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Women and Genocide

The Darfur Women Action Group (DWAG) recently held their 3rd annual Women and Genocide Symposium, which brought together prominent scholars, attorneys, activists, and concerned citizens from conflicts around the world. The extensive list of speakers included DWAG’s President, Niemat Ahmadi, Chair of Genocide Watch, Gregory Stanton, Project Officer from UN Office on Genocide Prevention and Responsibility to Protect, Marion Arnaud, President and CEO of United to End Genocide, Tom Andrews, the new president of Genocide Watch, Hadley Rose,  ICC Chief Prosecutor, Fatou Bensouda, and many, many more. The discussion focused on defining the challenges faced in addressing women’s experience in these tragedies and working toward bringing justice to the affected communities.

While it is only the third year for the conference, the Women and Genocide Symposium takes on a larger significance as part of a growing movement to recognize the connections between women and genocide. The problems women face in genocide have been historically overlooked in analyses of mass atrocities which focus almost exclusively on men’s experiences in conflict. Sexual assault, in particular, has historically been viewed as a trivial side effect of violence and a lack of security, rather than part of a genocide itself. However, this perspective is starting to change.

Abroad, activists are beginning to document the way that gender roles in the affected areas are played on in genocide, leading to strategies such as the use of rape as a weapon of war. In the United States, scholars are starting to discuss the way that policymakers’ perceptions of gender have been obscuring their perceptions of conflict, causing them to tend to overlook the ways that genocide uniquely affects women. This negatively impacts the solutions they create, leading to inaccurate policies that fail to properly protect women. And perhaps one of the most important observations has been the way that women have historically been kept out of the peace process, both by domestic and international forces. However, if the international community can actively work to include more women in negotiations and rebuilding, there can also be hope for women at the end of these tragedies.

A few highlights from the event:


Ikklas Abdelmageed, a Sudanese fellow at United States Institute of Peace, discussed the lack of action on women’s rights and the lack of protection women are afforded from sexual violence, particularly in the IDP camps. She noted that NGOs that aid women in Sudan are not doing enough – she recounted a story of a young woman who tried to get help from UNAMID (The United Nation African Mission in Darfur) and was told that their mandate did not include rape cases. Ikklas said that many women are also doubtful about being involved in the peace process because of a distrust of the government, but that she is working to improve this in the future.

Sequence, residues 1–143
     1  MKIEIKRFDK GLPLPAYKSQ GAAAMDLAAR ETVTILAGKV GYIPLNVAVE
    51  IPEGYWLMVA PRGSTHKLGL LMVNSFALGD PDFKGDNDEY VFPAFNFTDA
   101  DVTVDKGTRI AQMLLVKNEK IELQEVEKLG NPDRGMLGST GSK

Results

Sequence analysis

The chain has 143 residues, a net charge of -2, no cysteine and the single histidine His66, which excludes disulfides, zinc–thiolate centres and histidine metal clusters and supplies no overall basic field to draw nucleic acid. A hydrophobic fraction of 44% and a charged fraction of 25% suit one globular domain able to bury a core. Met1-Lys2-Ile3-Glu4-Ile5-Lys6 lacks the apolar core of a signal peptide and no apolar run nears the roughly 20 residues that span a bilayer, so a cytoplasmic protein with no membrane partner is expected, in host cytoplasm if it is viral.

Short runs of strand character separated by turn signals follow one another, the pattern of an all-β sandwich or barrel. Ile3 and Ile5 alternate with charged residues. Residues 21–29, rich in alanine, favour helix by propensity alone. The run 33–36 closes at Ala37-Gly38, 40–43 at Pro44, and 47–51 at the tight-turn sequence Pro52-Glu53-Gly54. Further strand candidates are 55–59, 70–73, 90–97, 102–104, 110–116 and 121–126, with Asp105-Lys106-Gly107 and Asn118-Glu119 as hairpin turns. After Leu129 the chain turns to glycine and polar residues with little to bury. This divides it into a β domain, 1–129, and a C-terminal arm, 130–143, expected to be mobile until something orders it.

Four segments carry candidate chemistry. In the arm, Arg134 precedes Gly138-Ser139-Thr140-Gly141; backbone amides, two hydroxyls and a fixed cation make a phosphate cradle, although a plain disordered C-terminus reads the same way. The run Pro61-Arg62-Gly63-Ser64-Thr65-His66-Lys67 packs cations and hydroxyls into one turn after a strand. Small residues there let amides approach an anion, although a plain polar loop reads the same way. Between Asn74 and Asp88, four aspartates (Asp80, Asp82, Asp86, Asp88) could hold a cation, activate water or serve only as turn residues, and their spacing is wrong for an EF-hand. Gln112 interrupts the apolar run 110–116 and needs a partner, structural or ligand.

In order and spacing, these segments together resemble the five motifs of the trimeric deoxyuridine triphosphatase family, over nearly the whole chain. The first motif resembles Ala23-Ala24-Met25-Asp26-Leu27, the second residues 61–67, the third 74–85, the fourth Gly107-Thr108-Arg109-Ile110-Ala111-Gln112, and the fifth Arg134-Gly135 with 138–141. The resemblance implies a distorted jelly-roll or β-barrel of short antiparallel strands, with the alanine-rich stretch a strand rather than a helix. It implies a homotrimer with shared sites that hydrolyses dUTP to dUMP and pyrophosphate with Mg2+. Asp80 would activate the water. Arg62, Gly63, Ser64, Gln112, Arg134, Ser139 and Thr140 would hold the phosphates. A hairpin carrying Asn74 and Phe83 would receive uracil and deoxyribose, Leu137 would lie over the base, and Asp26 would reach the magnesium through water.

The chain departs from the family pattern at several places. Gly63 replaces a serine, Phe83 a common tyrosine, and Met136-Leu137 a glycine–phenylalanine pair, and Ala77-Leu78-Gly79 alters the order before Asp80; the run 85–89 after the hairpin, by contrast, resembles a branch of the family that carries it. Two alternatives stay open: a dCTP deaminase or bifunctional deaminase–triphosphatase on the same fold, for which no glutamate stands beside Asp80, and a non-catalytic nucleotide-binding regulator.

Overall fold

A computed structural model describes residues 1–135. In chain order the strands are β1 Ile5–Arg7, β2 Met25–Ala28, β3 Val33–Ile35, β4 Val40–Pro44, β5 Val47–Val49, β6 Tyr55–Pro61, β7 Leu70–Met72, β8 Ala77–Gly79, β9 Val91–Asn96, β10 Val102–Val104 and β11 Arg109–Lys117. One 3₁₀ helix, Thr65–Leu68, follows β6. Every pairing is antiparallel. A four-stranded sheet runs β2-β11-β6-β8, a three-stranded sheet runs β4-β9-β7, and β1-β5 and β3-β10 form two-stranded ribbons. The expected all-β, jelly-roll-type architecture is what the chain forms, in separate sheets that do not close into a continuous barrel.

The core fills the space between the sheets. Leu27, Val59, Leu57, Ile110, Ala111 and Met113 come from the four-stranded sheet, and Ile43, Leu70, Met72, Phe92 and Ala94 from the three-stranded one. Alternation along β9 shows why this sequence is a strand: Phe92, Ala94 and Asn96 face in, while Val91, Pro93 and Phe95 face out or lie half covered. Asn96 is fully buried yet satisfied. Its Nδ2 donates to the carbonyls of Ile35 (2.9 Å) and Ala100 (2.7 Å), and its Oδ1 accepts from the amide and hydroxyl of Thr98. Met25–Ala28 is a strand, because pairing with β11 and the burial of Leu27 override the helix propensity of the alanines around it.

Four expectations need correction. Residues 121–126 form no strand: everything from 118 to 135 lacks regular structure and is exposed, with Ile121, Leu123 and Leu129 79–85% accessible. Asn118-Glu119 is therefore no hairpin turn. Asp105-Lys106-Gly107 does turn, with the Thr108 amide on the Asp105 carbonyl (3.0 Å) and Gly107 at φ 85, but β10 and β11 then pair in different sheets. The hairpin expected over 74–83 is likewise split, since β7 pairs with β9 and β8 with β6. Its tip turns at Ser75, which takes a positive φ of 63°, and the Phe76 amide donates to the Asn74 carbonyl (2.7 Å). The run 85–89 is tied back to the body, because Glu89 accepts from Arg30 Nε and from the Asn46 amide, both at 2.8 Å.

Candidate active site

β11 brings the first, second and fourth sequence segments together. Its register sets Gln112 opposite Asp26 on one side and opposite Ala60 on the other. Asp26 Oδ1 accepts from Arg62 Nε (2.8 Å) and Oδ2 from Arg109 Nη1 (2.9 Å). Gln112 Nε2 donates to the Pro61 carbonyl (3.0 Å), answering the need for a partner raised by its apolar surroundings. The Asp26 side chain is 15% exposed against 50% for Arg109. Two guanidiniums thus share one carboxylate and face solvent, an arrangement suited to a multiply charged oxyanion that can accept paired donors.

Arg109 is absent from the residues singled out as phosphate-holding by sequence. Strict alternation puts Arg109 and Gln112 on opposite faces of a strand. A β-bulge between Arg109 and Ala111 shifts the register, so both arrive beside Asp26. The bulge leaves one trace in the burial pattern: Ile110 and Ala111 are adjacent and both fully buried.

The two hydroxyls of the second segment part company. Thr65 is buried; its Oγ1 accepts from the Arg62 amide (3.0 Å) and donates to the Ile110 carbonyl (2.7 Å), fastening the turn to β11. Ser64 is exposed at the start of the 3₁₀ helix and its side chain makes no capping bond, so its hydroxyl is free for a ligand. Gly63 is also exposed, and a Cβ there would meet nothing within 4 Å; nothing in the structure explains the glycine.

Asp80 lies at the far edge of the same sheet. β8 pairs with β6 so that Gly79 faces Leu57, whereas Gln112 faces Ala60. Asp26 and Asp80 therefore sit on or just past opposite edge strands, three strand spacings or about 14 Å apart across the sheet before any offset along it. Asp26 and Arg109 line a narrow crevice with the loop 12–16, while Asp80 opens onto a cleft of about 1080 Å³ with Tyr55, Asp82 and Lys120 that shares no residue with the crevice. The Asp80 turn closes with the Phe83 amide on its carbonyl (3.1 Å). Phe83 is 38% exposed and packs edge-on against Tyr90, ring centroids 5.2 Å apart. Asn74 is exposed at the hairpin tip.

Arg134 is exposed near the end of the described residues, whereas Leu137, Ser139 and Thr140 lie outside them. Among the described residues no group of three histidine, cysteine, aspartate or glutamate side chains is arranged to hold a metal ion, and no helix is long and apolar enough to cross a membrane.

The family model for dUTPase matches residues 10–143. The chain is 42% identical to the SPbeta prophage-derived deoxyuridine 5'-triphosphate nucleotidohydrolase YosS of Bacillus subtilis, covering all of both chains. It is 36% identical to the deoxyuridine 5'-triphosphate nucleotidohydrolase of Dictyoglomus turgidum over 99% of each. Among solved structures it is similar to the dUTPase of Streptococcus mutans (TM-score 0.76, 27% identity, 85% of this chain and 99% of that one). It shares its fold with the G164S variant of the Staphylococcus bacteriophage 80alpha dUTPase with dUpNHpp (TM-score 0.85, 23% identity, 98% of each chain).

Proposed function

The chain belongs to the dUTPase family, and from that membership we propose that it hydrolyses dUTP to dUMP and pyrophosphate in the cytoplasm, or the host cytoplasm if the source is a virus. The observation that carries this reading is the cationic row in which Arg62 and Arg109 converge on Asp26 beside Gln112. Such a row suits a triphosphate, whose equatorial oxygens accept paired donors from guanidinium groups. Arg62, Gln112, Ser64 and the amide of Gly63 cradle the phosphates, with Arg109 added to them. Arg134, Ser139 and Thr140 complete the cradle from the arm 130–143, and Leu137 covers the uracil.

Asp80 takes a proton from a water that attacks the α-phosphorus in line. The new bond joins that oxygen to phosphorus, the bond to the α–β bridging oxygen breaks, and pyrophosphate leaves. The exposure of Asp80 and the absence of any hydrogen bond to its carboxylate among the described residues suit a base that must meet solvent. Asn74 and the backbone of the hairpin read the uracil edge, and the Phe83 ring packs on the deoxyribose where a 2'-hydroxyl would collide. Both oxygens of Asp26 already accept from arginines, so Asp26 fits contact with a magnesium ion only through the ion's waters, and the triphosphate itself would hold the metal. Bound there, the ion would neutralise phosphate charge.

Myra Dahgaypaw, an activist for Burmese women, discussed the sexual violence committed by Burmese security forces against Rohingya women, which she described as “widespread.” She made the point that it has negatively affected Rohingya women’s access to education, as their families often keep them home away from school in an effort to protect them from the sexual violence. President Obama recently completed his trip to Burma, so it remains to be seen whether the U.S. will be willing to play a role in halting the atrocities there, particularly for young women and girls.

Recovery in Rwanda:

Ambassador Mukantabana spoke about women in relation to the Rwandan genocide, providing hope for the future of other conflicts. Reconciliation and recovery in Rwanda has been held up as a success story and model for future recovery and women’s empowerment. However, while Rwanda made strides since the 90s, particularly by putting more women in the legislature, there were also critics who questioned whether these are legitimate changes capable of uplifting Rwandan women in the future.

Activists have made strides in changing the conversation, but the realities that women still face internationally are dire. In order to move forward, women and girls need to be protected from sexual violence and drastic changes will have to be made to ensure that justice is served to the perpetrators. However, the dedicated community of activists, scholars, and policymakers has the potential to make significant improvements. In her speech, Chief Prosecutor Fatou Bensouda discussed the challenges that the community would have to face in the future but also said that the these abuses could not go unpunished, and in her final statements, she warned: “Let the perpetrators be on notice.”

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This post was written by Carly Fabian, STAND’s Mid-Atlantic Regional Organizer.